2011 had the summer that wasn’t. It was nice in March and April, but by May it had all gone to shit. Cold, rain, high winds, no sunshine.
This was a triple bummer for me. First because I had told my dad to visit in May as that is usually our best month, even better than June-August. Was I wrong!
Second, because I am a sunshine addict and there isn’t much I like better than sitting or lying in the sun, reading or doing a stupid puzzle book.
Third is because one of the things I do like better than lazing in the sun is growing things.
When the year started out so well, I jumped right into starting seeds. I’d much rather start with a microscopic seed and care for it than buy something already started. I’m broke, duh, and a hundred count of seeds costs what two plants would cost. It is also an endless source of wonder for me that something so very tiny and dry can turn into a big plant, with nothing more than dirt, water, sun and a weekly fertiliser.
I’m also a pack rat, and keep seeds for years, and even decades, longer than I should.
Since I started so early, I figured I’d have a clear out of my seed cache and plant some of the really old ones. Nothing ventured, nothing gained, right?
Oldest ones I had were from…1987. No, I’m not kidding. They were baby’s breath, and didn’t germinate. I wasn’t terribly surprised. I had them so long because I’m not a big fan of baby’s breath, and I have issues throwing things away – especially potentially living things. Oh well.
The next oldest were 9 or 10 years old. Back then, I had a house and a garden. I grew a lot of stuff, and saved the seeds from one crop to start the next year’s crop, which never happened as I didn’t have a place to grow things again until 2005. I’ve already used a lot of the cache over the years since I moved here. But, I still had: dill, oregano, columbine, pumpkins, miniature pumpkins, several kinds of ornamental gourds, and an envelope marked ‘butternut squash?’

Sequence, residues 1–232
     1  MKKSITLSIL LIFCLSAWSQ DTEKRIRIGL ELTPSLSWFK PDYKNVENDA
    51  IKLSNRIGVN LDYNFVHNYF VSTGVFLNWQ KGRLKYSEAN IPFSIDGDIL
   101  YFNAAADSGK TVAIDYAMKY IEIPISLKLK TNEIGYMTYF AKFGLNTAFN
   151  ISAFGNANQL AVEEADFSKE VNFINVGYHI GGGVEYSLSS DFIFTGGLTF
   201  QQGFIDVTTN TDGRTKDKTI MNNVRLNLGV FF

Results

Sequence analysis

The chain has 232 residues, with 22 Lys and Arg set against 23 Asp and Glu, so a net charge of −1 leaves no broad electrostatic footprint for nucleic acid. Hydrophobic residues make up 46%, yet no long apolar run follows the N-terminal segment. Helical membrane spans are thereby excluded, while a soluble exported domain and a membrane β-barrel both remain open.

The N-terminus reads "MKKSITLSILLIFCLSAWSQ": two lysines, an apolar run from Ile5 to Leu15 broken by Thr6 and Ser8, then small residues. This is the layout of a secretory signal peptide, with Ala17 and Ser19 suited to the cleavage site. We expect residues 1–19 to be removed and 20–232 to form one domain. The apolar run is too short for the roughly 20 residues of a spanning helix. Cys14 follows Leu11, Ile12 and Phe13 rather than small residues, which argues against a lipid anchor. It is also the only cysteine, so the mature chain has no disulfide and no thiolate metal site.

The dill, columbine, and oregano were too old. I knew that, but dumped em all in dirt and hoped. Oh well.
The different varieties of gourds were another story. Some of them had dried mold on them, meaning I let the original fruit get a bit ooky before I took the seeds out. The mini pumpkins were in the original packet dated 1999. I didn’t think any of them had a chance, so I crammed them into seed trays, more seed than dirt.
And left them alone, as you do, in my little Aldi greenhouse, watering occasionally.
Well, the little bastards had tons of life left in them! I think the only ones that never grew were the large pumpkins. Everything else, wow! Dozens and dozens of plants!
Which was not good, because I have very limited space. But, I planted them out in containers, only for most of them to die in May when it got cold. But, still, I had plenty – and more shoots every day!
Until my little greenhouse blew over in the wind, dumping ALL of the seeds and seedlings into the grass. Oh, hell, now I had no idea what gourd was what.
After the clean up, they all were dubbed ‘mystery gourds’ and it became a bit more fun to watch them grow, and a bit more sad when they didn’t survive.
Then they bloomed, and some set fruit, but most of the fruit died on the vine. I should probably research why, but it probably would be a chemical cure and I’m not keen on those. Nor do I have money to spend on ‘free’ plants.
It’s now October, and I do still have a few vines alive. I’d brought most of them indoors last month when a hurricane was due to blow through, to save them from the winds. I didn’t take them back outside, because of my bad back, and all the indoor ones died. Still about half a dozen outside, though they no longer bloom.
The ones I brought in contained my entire crop, four whole gourds. One rotted, so I composted it. Here’s the rest, just in time for Halloween decorations:
The tea light is there for scale. What a let down!
Those little guys really really wanted to live. They couldn’t ask for a better home to decorate!